Halloween – my least favorite holiday.
Sure it’s fun to dress up and go to the parties. And who doesn’t like a good haunted house now and then? But the biggest part of Halloween, at least for our impressionable children, seems to be centered around the candy. Lousy full-of-sugar candy. But you don’t have to eat or give out sugary candy.
The store aisles are lined with confection after confection. I can’t even stand walking by those aisles. It will never cease to amaze me that I can smell that stuff through the containers and plastic wrappers (I’m convinced the manufacturers somehow make this happen on purpose, just to torture me). My kids are teens now, and could care less about the trick or treating part of it all, but I remember all too well the piles of sugary temptations they used to bring home. If you have children, you also know that you’ll have to hide most of it, or that ceiling-high stack will be devoured within a couple of days, unless you like your kids bouncing off the walls like a super ball. I personally prefer my home intact and my kids healthy.
Instead of Giving Out Candy…
We can do very little about what other people give out on Halloween, but we can make a difference for other parents. Instead of that same old bowl of sugar-coma inducing junk food, consider giving out non-food prizes. It’s not terribly hard to find items that are fun, inexpensive, and will still be around long after the candy, and bellyaches, are long gone.
If you’re concerned about the rapidly rising obesity and disease rate in our children today, I urge you to consider this one small change in your holiday routine. Other parents may be happy to see non-candy treasures in their little Thor’s goodie bags and do the same themselves in the years to come!
Here’s a few ideas to find somewhat inexpensive, fun, and healthy treats for all those Peter Pans and Tinker Bells that show up at your door.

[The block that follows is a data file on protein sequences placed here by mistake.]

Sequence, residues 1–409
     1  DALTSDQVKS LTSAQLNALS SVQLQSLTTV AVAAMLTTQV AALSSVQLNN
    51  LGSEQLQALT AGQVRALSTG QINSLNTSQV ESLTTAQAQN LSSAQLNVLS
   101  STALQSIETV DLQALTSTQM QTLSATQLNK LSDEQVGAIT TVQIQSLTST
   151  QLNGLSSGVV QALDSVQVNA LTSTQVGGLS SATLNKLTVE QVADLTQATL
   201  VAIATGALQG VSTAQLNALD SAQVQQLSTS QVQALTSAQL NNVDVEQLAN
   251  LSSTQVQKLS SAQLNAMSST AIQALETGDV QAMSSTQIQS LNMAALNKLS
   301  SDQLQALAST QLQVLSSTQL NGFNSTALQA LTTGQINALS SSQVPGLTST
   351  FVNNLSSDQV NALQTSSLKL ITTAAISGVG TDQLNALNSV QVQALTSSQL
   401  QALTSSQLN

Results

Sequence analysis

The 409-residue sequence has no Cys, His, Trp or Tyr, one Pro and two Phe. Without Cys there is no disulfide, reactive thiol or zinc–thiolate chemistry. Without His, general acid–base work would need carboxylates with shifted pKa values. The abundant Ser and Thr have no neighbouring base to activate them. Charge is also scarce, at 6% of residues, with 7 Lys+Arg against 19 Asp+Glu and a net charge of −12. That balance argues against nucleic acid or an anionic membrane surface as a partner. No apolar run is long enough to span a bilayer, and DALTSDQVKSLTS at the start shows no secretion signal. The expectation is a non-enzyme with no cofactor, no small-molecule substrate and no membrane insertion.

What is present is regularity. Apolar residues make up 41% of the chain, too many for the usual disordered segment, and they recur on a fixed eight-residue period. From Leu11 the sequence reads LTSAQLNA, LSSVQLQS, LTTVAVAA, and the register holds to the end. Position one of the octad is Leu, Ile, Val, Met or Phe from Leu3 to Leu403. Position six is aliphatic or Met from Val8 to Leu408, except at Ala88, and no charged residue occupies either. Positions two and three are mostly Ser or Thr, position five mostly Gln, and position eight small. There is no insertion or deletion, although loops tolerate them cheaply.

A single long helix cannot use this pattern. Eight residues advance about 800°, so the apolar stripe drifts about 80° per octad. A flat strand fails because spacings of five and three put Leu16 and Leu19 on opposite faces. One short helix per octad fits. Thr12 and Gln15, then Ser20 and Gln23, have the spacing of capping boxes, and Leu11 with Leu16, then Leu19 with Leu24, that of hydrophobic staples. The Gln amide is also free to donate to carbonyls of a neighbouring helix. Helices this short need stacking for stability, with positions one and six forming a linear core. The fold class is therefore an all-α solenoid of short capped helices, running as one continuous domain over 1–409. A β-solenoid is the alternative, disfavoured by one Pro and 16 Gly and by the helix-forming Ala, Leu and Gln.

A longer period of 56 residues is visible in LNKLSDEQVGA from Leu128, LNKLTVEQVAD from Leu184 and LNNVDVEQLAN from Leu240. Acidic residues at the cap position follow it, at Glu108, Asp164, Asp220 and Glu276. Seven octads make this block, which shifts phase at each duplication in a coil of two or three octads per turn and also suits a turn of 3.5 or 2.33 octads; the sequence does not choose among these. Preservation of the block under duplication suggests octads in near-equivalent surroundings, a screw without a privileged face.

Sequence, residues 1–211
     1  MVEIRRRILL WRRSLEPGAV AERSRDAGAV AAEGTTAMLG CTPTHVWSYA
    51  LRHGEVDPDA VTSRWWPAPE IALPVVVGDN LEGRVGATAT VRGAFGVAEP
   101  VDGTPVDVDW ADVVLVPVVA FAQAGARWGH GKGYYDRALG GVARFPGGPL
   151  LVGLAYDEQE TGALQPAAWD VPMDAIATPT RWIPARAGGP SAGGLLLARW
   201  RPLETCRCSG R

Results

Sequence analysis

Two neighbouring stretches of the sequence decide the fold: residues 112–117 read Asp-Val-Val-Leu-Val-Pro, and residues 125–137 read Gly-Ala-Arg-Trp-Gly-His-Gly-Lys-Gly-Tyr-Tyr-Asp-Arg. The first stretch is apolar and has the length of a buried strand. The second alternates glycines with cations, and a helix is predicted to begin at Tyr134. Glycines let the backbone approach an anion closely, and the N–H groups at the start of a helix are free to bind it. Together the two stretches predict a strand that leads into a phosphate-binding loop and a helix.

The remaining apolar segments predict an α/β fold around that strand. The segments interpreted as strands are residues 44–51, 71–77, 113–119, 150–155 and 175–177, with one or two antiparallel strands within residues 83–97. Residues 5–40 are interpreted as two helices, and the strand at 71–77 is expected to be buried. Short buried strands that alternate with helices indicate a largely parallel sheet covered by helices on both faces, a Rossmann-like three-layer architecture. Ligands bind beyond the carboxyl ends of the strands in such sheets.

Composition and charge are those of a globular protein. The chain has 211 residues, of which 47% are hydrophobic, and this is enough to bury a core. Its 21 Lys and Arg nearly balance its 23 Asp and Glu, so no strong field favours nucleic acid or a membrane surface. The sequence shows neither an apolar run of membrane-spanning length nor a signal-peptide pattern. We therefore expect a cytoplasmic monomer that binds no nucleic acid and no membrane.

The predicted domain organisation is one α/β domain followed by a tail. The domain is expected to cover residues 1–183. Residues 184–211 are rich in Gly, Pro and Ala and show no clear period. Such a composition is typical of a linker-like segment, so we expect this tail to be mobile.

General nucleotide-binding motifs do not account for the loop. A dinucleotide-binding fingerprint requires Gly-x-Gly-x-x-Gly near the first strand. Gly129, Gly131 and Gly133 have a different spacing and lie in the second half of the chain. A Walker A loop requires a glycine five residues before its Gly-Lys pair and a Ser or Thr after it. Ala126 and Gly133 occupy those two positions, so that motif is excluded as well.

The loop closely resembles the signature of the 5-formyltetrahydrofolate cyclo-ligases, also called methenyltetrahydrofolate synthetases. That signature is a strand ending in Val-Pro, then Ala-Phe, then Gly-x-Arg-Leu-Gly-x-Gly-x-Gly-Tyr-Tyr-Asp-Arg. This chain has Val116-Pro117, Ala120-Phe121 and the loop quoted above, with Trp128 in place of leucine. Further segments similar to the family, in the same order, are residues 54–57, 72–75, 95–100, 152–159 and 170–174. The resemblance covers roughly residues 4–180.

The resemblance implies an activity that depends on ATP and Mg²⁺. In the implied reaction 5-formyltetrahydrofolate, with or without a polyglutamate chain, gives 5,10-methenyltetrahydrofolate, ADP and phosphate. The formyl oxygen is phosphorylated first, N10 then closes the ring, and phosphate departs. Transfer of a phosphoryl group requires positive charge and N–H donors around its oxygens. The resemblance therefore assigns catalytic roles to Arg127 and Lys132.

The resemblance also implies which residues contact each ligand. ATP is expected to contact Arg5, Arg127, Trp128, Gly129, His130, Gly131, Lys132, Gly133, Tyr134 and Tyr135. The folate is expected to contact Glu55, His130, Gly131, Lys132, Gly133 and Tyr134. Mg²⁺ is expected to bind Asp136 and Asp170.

Kids love stickers, pencils, cool erasers, coloring books, cars, bubbles, etc. Just be sure to check that it’s safe for all age groups. If not, you might want to keep a special package of items back, like board books or rubber ducks, just for the toddlers that visit you.
Check online retailers such as Oriental Trading
Oriental Trading has a huge array of items, all reasonably priced. When our catalog arrives every month my kids used to spend a good hour looking through it and picking out stuff they’d like. Normally I wouldn’t have use for 12 light-up yo-yo’s or 50 glow in the dark pencils, but on Halloween those bulk deals really come in handy.
Give the gift of books
Books For Treats is an ingenious program that encourages parents to recycle their gently used children’s’ books by giving them out on Halloween.
“Since Halloween 2001, we’ve given up to 6500 books each year to excited, costumed Willow Glen trick-or-treaters. Now-former Mayor Ron Gonzales, now-former Councilman Ken Yeager, Mayor Chuck Reed and Councilman Pierluigi Oliverio joined us in greeting the kids and happy parents. We are supported by the Diabetes Association.”
How can you participate? The website gives us some ways to get involved.
- Gather gently read children’s books to give out in your neighborhood.
- Download our kit to help you sort your books by grade level.
- Volunteer to help (fill out the form on the left)
- Have your company become a sponsor
- Make a donation of any amount through paypal to firstname.lastname@example.org. We appreciate any funds, as they help us purchase used books, provide pr and ads to get the word out, and keep our web site up to date.
- Talk to your friends, co-workers and neighbors about participating in books for treats. Send them a link to this web site. Want to talk to someone about how you can help? Contact Rebecca Morgan, founder and executive director 408/998-7977 or email@example.com.
How about healthy snacks?
If you are determined to hand out food, look for snack packs of apples, oranges, carrots, etc. (these are usually sealed and thus more appealing to parents who are concerned about safety.) At least this will give mini superman something healthy to munch on while he saves the world.
Now I realize that some of you may live in high-traffic areas, and these options could be come expensive very quickly, so you’ll have to do what is best for your budget. But even if you purchased a few dollar store items and mixed them in the candy, you’d be encouraging less candy consumption. We need to teach our kids that doing something that’s good for you is a treat – candy is the real trickster.